Roberto in Japan

Photo by Roberto Colville-Andersen, on the job in Japan

Above is a picture of Roberto showing my son around his bike shed, perhaps as long as four years ago now. The love Roberto has instilled in his own sons for cycling sees his eldest now living in Denmark and his youngest now moved to Japan. Both, in part, have moved to enjoy the cycling that each of those countries allows.

Roberto is just back from visiting son-2 in Japan, with so many photos of moultons and minivelos that I would bet money he’s been looking for such a bike on ebay ever since he’s been home, but of course he will not have found one, meaning Roberto will soon be emailing to say he has just bought a Moosegoose.

You see, my friend Roberto is an avid hoarder of secondhand bikes. He doesn’t just add them to his watch list on ebay. He doesn’t just buy them on ebay and leave them to rust in his shed. He buys each on ebay, that one other bike might have a good father.

He keeps folders, tandems, mixties, 10 speeds, “classic” mountain bikes and all the rest, in A-1 working condition, out of the same spirit one might sponsor a child through World Vision. ┬áSure, when we first go shopping online for a sponsor child, we imagine ourselves sponsoring some kid who, with better teeth, might one day turn up on telly in the miss universe pageant (why hello Miss Ecuador!) but in the end we happily settle for the knockabout lad who will just learn to read.

It will be interesting to see how his recent brush with miss-universe type minivelos over there in Japan, collides with Australian ebay, and the allowance Roberto’s wife grants him for hobbies.

If you’re reading Mrs Roberto, please don’t put a price on his bike-nurturing soul.

 

About Steven

I'm on a mission to put cycling on the agendas of architects, urban designers and fellow academics, who see the potential for bicycles to change cities and buildings. My PhD is in architectural history and my interdisciplinary research spans art theory, philosophy and cultural studies. I teach architectural history and theory and design studio at The University of Tasmania, Australia, and formerly worked as an architect designing large public housing projects in Singapore. My favourite bikes are a titanium racing bike I use for racing, a Velorbis retro commuter for riding to cafes and work, a single speed ultra light Brompton that I take with me when I travel on planes, a 29er hard tail mountain bike that I get lost on in remote places, an old track bike that scares me, a 1984 Colnago Super with all original campagnolo components that is plugged into a virtual realm that I train in, and a Dutch-made Bakfiets, that could easily replace half of the bikes I just mentioned.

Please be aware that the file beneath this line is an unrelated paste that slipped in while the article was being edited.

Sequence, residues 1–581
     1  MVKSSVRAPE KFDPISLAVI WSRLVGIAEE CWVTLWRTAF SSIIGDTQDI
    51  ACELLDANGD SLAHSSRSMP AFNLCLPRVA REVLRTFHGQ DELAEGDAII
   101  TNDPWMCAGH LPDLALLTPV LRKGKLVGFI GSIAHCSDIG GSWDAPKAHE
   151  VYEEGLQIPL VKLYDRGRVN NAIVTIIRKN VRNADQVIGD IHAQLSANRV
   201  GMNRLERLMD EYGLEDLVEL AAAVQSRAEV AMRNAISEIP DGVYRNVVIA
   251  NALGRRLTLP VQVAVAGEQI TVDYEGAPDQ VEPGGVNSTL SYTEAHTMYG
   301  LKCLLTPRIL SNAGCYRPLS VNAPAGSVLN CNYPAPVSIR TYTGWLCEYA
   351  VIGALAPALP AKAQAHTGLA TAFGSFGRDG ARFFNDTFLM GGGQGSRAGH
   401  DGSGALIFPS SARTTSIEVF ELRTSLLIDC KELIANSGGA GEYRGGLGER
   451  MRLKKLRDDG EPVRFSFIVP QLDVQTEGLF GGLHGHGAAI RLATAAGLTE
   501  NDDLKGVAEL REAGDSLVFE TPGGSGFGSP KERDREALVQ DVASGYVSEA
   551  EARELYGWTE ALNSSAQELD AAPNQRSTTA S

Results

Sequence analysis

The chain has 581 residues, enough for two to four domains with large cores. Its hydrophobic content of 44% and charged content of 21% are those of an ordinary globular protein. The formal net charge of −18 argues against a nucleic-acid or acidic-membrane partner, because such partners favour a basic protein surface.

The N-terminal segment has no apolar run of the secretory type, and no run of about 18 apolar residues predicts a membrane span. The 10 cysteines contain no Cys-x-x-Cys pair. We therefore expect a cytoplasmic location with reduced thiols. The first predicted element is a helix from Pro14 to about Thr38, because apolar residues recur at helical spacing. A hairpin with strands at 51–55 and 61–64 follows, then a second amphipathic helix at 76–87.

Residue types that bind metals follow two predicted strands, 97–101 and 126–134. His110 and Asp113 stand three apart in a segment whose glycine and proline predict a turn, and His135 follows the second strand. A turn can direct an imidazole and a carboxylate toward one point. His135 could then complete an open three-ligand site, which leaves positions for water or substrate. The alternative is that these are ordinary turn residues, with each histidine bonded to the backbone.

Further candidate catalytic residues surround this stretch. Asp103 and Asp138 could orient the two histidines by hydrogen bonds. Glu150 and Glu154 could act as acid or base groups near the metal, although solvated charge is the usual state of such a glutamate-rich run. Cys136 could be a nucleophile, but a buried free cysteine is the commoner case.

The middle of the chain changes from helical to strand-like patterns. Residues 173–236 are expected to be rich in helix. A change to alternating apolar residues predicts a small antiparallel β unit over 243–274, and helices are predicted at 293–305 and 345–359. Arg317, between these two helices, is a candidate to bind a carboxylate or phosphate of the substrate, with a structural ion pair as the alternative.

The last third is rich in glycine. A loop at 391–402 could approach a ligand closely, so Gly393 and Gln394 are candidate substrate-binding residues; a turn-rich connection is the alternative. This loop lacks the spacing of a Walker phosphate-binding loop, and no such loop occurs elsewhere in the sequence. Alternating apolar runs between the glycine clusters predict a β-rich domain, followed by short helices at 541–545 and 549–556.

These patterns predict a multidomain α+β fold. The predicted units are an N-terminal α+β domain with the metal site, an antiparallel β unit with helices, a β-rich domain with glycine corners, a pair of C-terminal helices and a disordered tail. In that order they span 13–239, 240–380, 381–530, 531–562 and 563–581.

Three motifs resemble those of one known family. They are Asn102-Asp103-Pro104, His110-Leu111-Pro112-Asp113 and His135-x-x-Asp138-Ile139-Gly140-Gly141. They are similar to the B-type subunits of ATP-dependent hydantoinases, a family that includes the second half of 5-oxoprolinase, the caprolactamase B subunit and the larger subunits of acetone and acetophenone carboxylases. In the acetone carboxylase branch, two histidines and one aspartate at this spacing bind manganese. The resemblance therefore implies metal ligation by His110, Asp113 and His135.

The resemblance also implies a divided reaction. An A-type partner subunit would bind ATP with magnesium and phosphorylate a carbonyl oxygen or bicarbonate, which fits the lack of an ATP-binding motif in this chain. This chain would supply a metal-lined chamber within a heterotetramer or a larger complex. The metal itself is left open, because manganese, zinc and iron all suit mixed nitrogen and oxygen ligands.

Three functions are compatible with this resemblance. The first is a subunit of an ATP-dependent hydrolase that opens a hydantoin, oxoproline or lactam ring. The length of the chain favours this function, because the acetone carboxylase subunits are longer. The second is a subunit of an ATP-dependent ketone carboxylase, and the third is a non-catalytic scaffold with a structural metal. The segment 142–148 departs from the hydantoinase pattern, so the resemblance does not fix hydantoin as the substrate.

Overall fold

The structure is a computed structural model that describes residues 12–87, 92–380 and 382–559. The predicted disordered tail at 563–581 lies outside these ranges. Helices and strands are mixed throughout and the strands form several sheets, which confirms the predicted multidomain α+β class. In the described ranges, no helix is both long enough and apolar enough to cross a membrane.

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One Response to Roberto in Japan

  1. perthcyclist says:

    My policy is not to own a bike I wouldn’t ride at least once a month. At the moment I have 5 which all get at least monthly usage. I did once adopt bikes, restore them to working (but ugly) condition and then sell them, but I was losing too much money on them so I’ve slowed down on that habit.

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